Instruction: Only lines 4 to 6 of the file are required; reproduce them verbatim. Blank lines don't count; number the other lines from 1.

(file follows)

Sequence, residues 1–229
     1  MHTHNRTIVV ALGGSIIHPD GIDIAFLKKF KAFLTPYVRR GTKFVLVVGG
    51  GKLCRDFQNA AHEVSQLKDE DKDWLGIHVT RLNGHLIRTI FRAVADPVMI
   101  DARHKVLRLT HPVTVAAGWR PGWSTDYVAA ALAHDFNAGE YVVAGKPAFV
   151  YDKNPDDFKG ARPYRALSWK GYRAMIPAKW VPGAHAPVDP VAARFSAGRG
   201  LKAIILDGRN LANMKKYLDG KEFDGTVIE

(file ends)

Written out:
   101  DARHKVLRLT HPVTVAAGWR PGWSTDYVAA ALAHDFNAGE YVVAGKPAFV
   151  YDKNPDDFKG ARPYRALSWK GYRAMIPAKW VPGAHAPVDP VAARFSAGRG
   201  LKAIILDGRN LANMKKYLDG KEFDGTVIE